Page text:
In Uganda, Sexual and Reproductive Health Services and Information Fall Short for Adolescents
The ability to achieve sexual and reproductive health and rights, including being able to decide when and whether to have children, is critical for the health and well-being of all women. Yet new data from the Guttmacher Institute show serious gaps in sexual and reproductive health services for adolescent women in Uganda. For example, an estimated 648,000 women aged 15–19 in Uganda are sexually active and do not want a child in the next two years. However, among this group, more than 60% have an unmet need for modern contraception, meaning that they either use no contraceptive method or use a traditional method of contraception.
Approximately half of all pregnancies among women aged 15–19 in Uganda are unintended, totaling an estimated 214,000 unintended pregnancies each year. The overwhelming majority (88%) of these pregnancies occur among adolescents with an unmet need for modern contraception.
"Greater investment is essential to ensure that young people have access to age-appropriate, comprehensive sexuality education, as well as high-quality sexual and reproductive health services," said Patrick Segawa of Public Health Ambassadors Uganda. "Young people must be empowered to make informed sexual and reproductive health decisions in order to achieve their full potential."
The authors of the study also found that many of the 249,000 adolescent women who give birth each year do not receive the essential components of maternal and newborn care recommended by the World Health Organization and the Ugandan Ministry of Health. For example, half do not receive the recommended number of antenatal care visits and one-third do not give birth in a health facility.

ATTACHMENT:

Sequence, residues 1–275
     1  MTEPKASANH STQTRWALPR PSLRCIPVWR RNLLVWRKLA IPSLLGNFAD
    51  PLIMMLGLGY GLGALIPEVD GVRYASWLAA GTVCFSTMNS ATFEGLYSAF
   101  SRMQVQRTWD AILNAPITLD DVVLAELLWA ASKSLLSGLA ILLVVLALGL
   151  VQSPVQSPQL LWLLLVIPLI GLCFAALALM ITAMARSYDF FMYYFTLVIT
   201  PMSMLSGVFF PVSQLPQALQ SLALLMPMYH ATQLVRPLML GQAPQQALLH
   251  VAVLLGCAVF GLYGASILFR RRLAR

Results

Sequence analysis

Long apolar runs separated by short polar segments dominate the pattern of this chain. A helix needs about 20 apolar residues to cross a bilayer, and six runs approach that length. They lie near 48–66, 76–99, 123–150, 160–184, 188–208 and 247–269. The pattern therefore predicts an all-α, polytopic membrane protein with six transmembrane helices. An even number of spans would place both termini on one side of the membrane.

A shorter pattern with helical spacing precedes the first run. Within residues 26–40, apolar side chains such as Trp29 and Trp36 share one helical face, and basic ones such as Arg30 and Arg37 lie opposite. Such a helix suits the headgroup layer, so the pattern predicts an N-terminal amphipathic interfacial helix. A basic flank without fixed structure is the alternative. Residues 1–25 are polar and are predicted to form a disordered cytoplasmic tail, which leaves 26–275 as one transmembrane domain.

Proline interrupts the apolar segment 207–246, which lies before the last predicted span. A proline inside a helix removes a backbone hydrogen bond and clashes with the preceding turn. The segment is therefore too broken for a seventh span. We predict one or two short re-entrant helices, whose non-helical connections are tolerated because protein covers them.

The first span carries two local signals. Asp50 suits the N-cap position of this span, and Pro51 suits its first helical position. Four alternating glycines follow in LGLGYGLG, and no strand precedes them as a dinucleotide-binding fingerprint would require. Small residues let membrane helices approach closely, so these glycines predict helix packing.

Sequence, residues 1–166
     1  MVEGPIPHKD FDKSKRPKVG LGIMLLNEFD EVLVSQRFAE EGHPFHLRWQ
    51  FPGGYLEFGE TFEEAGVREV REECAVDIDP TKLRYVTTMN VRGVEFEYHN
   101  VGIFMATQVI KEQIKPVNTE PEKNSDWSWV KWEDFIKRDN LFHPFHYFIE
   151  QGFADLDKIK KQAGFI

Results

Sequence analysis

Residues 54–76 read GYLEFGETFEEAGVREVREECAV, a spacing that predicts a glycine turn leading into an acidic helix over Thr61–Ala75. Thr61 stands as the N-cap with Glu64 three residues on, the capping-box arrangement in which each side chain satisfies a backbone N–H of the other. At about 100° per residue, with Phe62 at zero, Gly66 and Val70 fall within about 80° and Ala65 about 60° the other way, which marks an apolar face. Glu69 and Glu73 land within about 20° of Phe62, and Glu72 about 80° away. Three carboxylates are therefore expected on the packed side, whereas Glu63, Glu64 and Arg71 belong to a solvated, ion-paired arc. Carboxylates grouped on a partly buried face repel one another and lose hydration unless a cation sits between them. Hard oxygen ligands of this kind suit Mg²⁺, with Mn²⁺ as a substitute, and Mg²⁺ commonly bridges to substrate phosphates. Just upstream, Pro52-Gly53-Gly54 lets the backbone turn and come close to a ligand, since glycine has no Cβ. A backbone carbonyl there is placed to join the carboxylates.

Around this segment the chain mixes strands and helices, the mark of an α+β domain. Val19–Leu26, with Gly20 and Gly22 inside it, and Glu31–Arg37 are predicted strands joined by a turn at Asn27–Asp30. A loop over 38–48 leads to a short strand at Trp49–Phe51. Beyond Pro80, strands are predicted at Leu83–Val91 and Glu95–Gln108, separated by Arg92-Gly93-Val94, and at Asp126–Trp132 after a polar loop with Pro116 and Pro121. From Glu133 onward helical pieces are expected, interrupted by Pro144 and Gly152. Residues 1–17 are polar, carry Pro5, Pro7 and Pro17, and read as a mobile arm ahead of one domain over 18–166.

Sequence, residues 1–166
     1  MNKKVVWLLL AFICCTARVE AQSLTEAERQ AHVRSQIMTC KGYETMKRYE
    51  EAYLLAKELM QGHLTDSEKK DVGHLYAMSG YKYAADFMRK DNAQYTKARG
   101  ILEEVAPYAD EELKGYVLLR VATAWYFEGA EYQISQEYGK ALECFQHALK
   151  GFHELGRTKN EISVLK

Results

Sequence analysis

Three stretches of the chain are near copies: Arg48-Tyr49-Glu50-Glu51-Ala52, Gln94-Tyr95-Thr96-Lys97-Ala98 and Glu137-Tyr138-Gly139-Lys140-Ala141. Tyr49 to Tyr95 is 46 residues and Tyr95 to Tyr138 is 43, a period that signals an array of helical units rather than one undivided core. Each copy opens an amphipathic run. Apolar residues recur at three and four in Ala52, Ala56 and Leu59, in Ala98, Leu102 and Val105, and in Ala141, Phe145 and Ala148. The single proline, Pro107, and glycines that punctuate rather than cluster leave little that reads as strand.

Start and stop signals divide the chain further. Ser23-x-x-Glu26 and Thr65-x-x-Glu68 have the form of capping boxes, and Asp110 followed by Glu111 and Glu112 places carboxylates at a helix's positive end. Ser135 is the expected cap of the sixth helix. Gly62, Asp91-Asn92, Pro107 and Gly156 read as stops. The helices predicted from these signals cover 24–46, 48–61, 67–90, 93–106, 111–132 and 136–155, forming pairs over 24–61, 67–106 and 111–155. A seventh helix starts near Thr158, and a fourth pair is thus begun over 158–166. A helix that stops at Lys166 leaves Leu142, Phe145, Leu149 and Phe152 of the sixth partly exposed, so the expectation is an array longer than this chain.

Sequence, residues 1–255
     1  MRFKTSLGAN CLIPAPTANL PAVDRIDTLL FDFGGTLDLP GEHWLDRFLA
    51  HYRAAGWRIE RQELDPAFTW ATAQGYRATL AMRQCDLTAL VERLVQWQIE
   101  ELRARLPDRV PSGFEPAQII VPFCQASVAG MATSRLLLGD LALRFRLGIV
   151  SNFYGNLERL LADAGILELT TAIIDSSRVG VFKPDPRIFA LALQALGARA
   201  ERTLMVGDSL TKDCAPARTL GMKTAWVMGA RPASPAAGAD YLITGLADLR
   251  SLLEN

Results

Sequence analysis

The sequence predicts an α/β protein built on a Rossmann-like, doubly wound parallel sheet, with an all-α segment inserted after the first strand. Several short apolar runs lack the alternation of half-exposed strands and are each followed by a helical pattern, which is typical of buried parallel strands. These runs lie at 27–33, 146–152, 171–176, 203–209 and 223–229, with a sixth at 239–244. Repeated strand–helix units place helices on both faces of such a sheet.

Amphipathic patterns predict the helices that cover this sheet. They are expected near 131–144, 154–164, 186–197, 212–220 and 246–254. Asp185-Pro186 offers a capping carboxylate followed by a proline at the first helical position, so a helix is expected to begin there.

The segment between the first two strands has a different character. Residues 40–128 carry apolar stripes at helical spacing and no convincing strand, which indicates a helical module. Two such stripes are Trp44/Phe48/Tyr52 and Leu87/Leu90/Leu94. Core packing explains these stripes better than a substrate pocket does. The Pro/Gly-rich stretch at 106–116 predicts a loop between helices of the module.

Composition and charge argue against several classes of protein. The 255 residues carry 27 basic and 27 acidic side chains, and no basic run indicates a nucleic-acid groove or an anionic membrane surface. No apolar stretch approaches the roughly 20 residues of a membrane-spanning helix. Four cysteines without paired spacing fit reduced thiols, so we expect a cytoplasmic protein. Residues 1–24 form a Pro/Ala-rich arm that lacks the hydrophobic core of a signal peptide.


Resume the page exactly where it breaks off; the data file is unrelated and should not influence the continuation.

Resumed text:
Taking a comprehensive approach to the provision of sexual and reproductive health services for adolescents would yield immense health benefits. If all unmet need for modern contraception among adolescent women in Uganda were met, unintended pregnancies among this group would drop by 72%. Additionally, if full provision of modern contraception were combined with adequate medical care for all pregnant adolescents and their newborns, adolescent maternal deaths would drop by 76% per year.
Investing in meeting the need for both modern contraception and maternal and newborn health care would also cost less compared with focusing on maternal and newborn health care alone. This is because the cost of preventing an unintended pregnancy through use of modern contraception is far lower than the cost of providing care for an unintended pregnancy. In fact, fully meeting the need for maternal and newborn health care in conjunction with fulfilling the modern contraceptive needs of adolescent women in Uganda would save approximately US$26 million annually compared with the cost of meeting the need for maternal and newborn health care alone. This dual investment translates to a cost of $2.19 per person per year.
"Too often, the various components of sexual and reproductive health are treated as separate issues, but they are all interrelated," says Taylor Riley, research associate at the Guttmacher Institute and coinvestigator of the new estimates. "Addressing adolescents’ unmet need for modern contraception along with providing all pregnant adolescents and their newborns with recommended levels of care are both critical to save lives and improve young people’s health and well-being."
The authors recommend taking a coordinated and multifaceted approach to improve adolescents’ sexual and reproductive health in Uganda. For example, youth-centered health programs must be nondiscriminatory and medically accurate, as well as developmentally and culturally appropriate. Approaches should include improving access to and quality of comprehensive sexuality education as well as sexual and reproductive health services, both in and outside of the school setting.